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District unnecessarily raises sewer rates

On June 11, the Clackamas County Board of Commissioners, as the governing body of Tri-City Service District, filed a lawsuit against Oregon City challenging the city’s Right of Way Usage Fee. The county claims that this fee for use of the rights of way — a fee paid by all entities that use the city rights of way to provide utility services — is a tax on the district’s property, and that the District as a public entity is exempt from such taxes. The same body also raised sewer rates for the residents of Oregon City, West Linn and Gladstone, but raised Oregon City residents’ rates more than the other members of the district.

Since the county sued the city, Oregon City has avoided issuing press releases or other statements about the case, opting to leave the matter to the court rather than the media to resolve. However, the county has released several misleading statements about the case that I feel compelled to address. For example, in this month’s edition of its Citizen News publication, the county ran an article entitled “Oregon City fee raises sewer rates” in which it claims that right-of-way fees are “rare,” describes the fee as a “hidden tax” and implies the city chose to impose a higher fee on the district than that paid by other entities. Providing misinformation about the city’s fee does not promote the “transparency and accountability” the county references in its article.

Oregon City has been charging fees for use of its rights of way for decades, as have most, if not all, cities in Oregon. In fact, Oregon City’s ordinances on this topic go all the way back to 1865. For those who are not aware, rights-of-way are spaces on, above and under the streets, alleys and sidewalks. The city’s fees have long applied to electric, gas, cable and telecommunications providers as well as the city’s own water and sewer services. In 2013, recognizing that many other utilities used the city’s rights of way but did not compensate the city for such use, Oregon City adopted a new ordinance based on a state-wide model from the League of Oregon Cities. Among other things, the city’s ordinance established fees to be paid by all utility service providers that own facilities in, or use, the city’s rights of way. The purpose of the right of way usage fee is to ensure that all utilities using the city’s rights of way compensate the city for that use. Since adopting the ordinance, the city has identified 24 entities that are now paying for their use of the city’s rights of way, including several public entities, thanks to the new ordinance. With the exception of the county’s Tri-City District, all of these entities have complied with the ordinance without taking legal action against the city.

The county’s position in its lawsuit is, in essence, that as a public entity the district is entitled to use city rights of way free of charge. While public bodies do enjoy an exemption from property taxation under state law, that does not permit public bodies free use of other government property. Public bodies must still feed parking meters, pay application fees, pay for city-provided utilities and otherwise comply with many of the same fees as everyone else. Similarly, Oregon City cannot demand free office space in county buildings or use other county real estate for city purposes without payment. The property-tax exemption does not amount to a free pass for government, which is expected to pay its own operating costs despite the tax exemption. So, too, is the government expected to be a good steward of public resources, which includes charging fees and rent for use of public assets, which is what the city has done with the rights of way.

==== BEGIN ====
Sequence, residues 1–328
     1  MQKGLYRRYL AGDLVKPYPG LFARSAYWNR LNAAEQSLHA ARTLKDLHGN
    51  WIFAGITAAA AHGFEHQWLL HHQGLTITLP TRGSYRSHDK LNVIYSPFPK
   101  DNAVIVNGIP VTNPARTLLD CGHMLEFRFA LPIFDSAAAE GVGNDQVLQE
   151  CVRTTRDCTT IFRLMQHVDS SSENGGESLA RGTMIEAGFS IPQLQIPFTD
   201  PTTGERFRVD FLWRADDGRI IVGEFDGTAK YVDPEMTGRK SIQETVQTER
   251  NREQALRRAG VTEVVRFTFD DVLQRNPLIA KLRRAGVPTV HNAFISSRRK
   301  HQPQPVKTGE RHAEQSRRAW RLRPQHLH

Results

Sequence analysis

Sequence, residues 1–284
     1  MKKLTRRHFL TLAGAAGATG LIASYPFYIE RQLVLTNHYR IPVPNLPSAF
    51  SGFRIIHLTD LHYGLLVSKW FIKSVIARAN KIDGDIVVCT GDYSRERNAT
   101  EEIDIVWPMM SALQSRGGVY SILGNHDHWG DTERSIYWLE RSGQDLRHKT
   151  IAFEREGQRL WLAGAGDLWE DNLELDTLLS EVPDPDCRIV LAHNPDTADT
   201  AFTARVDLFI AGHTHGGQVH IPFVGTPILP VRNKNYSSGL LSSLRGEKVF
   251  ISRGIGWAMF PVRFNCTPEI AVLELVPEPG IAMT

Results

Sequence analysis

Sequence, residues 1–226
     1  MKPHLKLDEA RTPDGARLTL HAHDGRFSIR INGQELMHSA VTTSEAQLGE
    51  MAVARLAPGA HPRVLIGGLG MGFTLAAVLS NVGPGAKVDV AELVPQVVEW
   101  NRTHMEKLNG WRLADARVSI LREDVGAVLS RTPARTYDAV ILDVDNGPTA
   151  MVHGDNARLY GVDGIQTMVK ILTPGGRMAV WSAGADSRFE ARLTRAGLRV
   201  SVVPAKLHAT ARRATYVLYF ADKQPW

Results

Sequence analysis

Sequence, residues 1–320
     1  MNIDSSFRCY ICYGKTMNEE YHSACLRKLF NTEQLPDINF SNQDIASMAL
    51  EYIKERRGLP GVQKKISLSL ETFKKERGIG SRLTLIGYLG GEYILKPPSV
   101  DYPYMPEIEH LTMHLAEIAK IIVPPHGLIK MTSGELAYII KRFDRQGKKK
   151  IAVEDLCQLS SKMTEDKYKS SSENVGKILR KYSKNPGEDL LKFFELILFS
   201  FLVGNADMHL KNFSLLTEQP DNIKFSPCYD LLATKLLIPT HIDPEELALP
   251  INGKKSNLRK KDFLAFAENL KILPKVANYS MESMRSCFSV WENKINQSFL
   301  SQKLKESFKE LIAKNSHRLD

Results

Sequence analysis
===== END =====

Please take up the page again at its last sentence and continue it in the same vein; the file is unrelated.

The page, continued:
The city’s fee is far from the “hidden tax” characterized by the county. It was adopted through a public process (in which the county participated) that included at least three public meetings. This is no less transparent — and perhaps more transparent — than other Tri-City District costs, such as payments the district makes to the county for various county services. The district does not get these services for free simply because they are provided by the county. Similarly, the city expects the district to compensate the city for use of the public rights of way managed by the city. Otherwise, city taxpayers have to subsidize the district’s use of city streets, which comes much closer to a “hidden tax” on city taxpayers than the city’s fee assessed on the district and other utilities.

Finally, the city has not singled out the district for this fee nor does the district pay a higher fee than other utilities. All utilities subject to the fee pay the greater of a percentage their gross revenue from operations in the city or a minimum fee based on the linear feet of facilities in the rights of way. The city simply expects the district to comply with this fee in the same manner as the city and all other public and private utilities. It is disappointing, to say the least, that the county has chosen to spend taxpayer dollars to sue the city to avoid compliance with the law.

The citizens of both the city and the county have the right to expect their government to protect the public’s fiscal interests, respect validly adopted laws and to work together for the greater good. The city’s adoption of its right-of-way ordinance does all of those things; we will see if the county’s lawsuit does so as well.

Doug Neeley is mayor of Oregon City.



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